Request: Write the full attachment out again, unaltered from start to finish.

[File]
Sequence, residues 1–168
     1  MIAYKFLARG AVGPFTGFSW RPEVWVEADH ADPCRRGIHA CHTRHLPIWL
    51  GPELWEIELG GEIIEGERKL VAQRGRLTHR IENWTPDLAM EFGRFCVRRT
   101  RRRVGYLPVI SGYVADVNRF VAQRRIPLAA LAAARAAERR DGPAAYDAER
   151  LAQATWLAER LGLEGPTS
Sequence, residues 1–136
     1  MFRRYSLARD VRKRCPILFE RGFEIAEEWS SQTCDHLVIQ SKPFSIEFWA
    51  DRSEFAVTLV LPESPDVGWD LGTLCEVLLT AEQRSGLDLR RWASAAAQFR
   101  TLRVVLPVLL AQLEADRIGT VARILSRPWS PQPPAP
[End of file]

Sequence, residues 1–168
     1  MIAYKFLARG AVGPFTGFSW RPEVWVEADH ADPCRRGIHA CHTRHLPIWL
    51  GPELWEIELG GEIIEGERKL VAQRGRLTHR IENWTPDLAM EFGRFCVRRT
   101  RRRVGYLPVI SGYVADVNRF VAQRRIPLAA LAAARAAERR DGPAAYDAER
   151  LAQATWLAER LGLEGPTS
Sequence, residues 1–136
     1  MFRRYSLARD VRKRCPILFE RGFEIAEEWS SQTCDHLVIQ SKPFSIEFWA
    51  DRSEFAVTLV LPESPDVGWD LGTLCEVLLT AEQRSGLDLR RWASAAAQFR
   101  TLRVVLPVLL AQLEADRIGT VARILSRPWS PQPPAP